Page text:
Chapter 3: Socio-economic processes transforming the genetic stock and altering ecosystems
Homo sapiens has become the major source of global environmental changes as a result of growing populations of humans, increasing economic production and greater man-made capital accumulation, as well as new techniques of production associated with the expansion of knowledge. While environmental changes due to natural phenomena still occur independently of human action, they pale in significance compared to the impact of humans on the natural environment. Such impact arises as a direct result of human actions (for example, the removal of natural vegetation to grow crops) and indirectly (as in the case of global warming and climate change caused by increased greenhouse gas emissions resulting from human activity). Particularly, since the beginning of agriculture in the Holocene era, humans have increasingly changed the global genetic stock and altered ecosystems.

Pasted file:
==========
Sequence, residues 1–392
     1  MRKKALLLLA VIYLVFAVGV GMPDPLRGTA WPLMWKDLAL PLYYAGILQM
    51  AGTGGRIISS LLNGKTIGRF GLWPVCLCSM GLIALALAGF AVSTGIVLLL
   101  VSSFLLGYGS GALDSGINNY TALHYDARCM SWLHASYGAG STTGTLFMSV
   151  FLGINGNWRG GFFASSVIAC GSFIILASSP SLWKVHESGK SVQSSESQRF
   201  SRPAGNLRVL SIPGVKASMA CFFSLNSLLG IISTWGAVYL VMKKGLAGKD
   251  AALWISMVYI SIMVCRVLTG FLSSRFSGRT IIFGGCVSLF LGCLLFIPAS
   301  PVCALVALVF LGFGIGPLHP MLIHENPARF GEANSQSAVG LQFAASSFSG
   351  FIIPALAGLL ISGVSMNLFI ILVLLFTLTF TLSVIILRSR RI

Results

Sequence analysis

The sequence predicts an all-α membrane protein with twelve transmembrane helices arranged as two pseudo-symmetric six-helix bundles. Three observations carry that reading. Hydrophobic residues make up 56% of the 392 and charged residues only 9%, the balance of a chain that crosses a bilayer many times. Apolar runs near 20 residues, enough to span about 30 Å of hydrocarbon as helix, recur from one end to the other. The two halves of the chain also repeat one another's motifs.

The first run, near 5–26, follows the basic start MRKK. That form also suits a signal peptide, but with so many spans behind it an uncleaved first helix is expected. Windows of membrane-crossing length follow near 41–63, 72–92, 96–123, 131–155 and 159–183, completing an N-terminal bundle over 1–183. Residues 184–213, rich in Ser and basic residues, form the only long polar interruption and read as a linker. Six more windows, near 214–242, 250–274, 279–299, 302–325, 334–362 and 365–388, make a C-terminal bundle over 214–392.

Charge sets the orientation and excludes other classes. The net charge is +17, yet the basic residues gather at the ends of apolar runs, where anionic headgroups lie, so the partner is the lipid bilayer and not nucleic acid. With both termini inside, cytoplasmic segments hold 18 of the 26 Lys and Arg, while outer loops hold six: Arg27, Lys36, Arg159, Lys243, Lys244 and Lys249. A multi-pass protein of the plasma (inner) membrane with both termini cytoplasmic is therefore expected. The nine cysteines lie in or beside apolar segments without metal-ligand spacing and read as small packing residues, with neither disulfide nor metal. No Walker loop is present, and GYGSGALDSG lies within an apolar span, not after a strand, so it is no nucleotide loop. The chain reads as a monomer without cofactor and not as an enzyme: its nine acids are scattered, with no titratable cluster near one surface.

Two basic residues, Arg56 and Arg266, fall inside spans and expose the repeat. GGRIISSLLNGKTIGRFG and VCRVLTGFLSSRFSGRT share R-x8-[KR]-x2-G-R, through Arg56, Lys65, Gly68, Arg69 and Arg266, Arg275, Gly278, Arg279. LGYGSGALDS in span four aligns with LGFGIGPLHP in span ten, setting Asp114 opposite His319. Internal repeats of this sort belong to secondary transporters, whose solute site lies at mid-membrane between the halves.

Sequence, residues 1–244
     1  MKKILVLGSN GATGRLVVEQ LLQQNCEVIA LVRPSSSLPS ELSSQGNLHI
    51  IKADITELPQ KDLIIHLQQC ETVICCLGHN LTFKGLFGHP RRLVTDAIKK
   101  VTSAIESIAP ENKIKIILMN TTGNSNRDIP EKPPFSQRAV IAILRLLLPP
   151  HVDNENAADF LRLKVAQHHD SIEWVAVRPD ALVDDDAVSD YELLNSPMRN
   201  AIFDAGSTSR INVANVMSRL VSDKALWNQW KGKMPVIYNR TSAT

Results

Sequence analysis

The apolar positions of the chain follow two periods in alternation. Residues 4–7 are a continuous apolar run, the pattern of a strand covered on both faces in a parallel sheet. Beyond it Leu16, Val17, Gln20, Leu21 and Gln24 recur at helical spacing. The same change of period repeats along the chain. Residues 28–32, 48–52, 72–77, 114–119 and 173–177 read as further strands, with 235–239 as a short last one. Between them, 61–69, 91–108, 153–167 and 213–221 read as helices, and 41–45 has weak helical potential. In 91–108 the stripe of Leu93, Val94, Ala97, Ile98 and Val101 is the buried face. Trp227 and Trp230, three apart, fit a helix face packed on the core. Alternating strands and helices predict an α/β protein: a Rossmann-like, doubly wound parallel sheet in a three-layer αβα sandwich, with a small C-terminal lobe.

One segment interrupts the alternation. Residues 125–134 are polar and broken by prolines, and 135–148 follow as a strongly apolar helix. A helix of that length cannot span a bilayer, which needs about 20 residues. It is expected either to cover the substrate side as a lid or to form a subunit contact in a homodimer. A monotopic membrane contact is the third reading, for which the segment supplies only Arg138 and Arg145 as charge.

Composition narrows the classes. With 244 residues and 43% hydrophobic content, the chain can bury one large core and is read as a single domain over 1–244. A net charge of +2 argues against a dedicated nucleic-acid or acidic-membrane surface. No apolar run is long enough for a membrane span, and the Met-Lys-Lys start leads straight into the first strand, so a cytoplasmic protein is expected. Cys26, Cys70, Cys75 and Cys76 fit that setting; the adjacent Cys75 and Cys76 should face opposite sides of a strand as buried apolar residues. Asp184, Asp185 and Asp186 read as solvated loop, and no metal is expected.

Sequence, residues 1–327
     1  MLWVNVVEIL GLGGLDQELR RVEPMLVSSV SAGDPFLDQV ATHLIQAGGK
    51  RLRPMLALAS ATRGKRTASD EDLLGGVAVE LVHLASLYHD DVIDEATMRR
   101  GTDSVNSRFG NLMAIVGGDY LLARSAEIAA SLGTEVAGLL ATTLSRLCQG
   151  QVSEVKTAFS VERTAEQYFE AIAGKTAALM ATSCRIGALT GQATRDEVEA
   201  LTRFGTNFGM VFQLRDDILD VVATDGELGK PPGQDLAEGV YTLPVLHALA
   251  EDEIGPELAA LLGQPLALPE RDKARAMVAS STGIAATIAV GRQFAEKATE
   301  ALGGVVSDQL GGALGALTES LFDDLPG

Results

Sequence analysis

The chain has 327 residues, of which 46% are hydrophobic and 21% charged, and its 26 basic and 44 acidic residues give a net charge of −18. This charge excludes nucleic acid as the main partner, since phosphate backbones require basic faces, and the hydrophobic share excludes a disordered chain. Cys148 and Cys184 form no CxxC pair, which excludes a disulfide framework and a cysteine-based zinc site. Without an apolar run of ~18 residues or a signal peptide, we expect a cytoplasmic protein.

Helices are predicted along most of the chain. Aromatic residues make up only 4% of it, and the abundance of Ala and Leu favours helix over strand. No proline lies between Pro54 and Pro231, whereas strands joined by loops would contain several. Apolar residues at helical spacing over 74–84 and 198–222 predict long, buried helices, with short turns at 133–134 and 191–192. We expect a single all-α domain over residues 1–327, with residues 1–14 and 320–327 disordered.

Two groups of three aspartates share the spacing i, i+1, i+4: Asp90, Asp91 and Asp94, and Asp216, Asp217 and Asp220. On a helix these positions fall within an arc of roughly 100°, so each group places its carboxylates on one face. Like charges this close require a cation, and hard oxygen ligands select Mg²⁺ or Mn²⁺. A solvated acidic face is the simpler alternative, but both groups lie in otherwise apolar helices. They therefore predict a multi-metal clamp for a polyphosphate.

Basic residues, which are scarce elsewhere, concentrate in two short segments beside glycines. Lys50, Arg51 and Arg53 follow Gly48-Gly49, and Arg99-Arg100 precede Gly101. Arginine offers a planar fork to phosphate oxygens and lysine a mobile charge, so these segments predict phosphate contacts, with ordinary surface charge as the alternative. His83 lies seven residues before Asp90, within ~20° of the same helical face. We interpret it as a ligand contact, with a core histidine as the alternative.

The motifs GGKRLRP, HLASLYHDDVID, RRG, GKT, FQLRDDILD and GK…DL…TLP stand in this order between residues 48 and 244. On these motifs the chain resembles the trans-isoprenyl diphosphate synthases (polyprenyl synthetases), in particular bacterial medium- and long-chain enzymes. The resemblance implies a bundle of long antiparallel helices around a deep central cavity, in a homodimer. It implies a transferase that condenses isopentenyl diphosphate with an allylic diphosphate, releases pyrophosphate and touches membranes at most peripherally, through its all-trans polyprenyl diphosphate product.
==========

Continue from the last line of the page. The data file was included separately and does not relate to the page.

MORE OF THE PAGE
Genetic material has been selected and developed by human beings in order to increase the economic value of the genetic stock. Natural ecosystems have been transformed to enhance their economic productivity from a human point of view. In addition to that, ecosystems and environments previously developed by humans for economic production have themselves been subject to alterations with the passage of time. For example, several hundred years ago, shifting agriculture (swidden agriculture) was practised in Europe but was eventually replaced by the more permanent use of cultivated fields for the growing of crops. Crop rotation and the application of fertilizers helped to maintain yields.
Human beings usually decide to alter the genetic stock and...
You are not authenticated to view the full text of this chapter or article.
Elgaronline requires a subscription or purchase to access the full text of books or journals. Please login through your library system or with your personal username and password on the homepage.
Non-subscribers can freely search the site, view abstracts/ extracts and download selected front matter and introductory chapters for personal use.
Your library may not have purchased all subject areas. If you are authenticated and think you should have access to this title, please contact your librarian.